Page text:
Area voters to consider school bond

By Kalari Girtley

In the Monday, March 6 edition of The Daily Illini, the story “Area voters to consider school bond” incorrectly states that 3,000 new students will enter the school district in the next five years. It should have read that 3,000 new homes are expected to be built during the next five years.

The power will rest in voters’ hands on March 21. An election will decide whether Unit 4 schools will benefit from an estimated $65 million bond that will assist with the improvements of more than half of their elementary schools and one high school.

A group of 40 community leaders and parents developed a referendum that will be on March’s ballot. This referendum is set to bring needed improvements to seven elementary schools and rebuild Dr. Howard Elementary School. Along with these improvements, the referendum is set to open three new elementary schools, and fund a 60-acre site for Central High School to use.

Gene Logas, chief financial officer of the Unit 4 schools, said that if the referendum is approved, it would bring needed space to the schools.

“We have English as a second language being taught in the hallway, and right next to that person is the speech teacher,” Logas said.

He said this referendum is a response to the rapid growth that Champaign is experiencing. There will be an estimated 3,000 new students coming into the school system in the next five years, Logas said.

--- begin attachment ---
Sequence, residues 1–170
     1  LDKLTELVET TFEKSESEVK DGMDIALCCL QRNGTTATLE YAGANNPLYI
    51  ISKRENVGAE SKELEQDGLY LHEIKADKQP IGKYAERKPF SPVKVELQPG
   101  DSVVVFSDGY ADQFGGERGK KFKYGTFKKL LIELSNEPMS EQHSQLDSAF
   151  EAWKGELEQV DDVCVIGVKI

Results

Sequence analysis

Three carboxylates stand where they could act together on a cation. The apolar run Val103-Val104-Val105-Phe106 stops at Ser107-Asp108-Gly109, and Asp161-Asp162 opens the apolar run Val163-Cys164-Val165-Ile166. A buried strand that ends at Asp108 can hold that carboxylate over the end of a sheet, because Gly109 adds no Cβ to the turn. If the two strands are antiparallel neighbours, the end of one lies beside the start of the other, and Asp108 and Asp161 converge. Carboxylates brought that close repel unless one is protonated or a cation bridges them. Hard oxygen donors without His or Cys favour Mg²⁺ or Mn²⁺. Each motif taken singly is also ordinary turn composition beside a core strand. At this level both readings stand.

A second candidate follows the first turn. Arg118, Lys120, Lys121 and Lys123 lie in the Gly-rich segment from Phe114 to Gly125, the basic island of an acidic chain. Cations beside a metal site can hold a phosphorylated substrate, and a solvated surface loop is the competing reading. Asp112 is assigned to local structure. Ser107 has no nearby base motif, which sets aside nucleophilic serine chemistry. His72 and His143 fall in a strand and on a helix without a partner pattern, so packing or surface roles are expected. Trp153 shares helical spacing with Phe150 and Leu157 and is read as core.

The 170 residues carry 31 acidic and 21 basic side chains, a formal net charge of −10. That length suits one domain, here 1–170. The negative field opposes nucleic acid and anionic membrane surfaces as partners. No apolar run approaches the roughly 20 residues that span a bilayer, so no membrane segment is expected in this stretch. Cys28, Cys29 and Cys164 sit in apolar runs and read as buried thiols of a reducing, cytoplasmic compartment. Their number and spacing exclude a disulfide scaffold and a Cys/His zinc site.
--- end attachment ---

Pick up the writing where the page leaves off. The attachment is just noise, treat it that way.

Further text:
Phillip Van Ness, co-chair of the Unit 4 Excellence committee, said this referendum is going to be hard to pass because many people do not trust the district.

“People have the right to be skeptical because for the last few years, we have not always kept our word,” Van Ness said.

He said in the past, the district had told the public that they had a surplus of funds, but was actually in a deficit.

One of the major aspects of this referendum is the rebuilding of Dr. Howard elementary. Van Ness said the school was built in 1910 and does not comply with ADA requirements.

“In order to comply with the building code, we would have to spend up to seven million,” Van Ness said. “It doesn’t make sense when we can just buy another building for 10 (million).”

Frances Burley, principal of Dr. Howard elementary, said if this referendum passes, the students and faculty members of Dr. Howard elementary would move to one of the new schools and remain for a year, then they will return to the new building.

“A new facility will enhance the learning in any place,” Burley said. “But it is the people that impact children more than the facility.”

Teresa Cardador, parent of a student who attends Dr. Howard elementary, is indecisive about her vote. She is worried about how the school will maintain a sense of community at the new location.

“It is going to be a challenge to move to the new location, and then move back,” she said.

Cardador said the teachers are doing a good job informing the parents about what will happen if this referendum passes.

“The important thing is the teachers and the parents make the best decision that they can on March 21,” she said.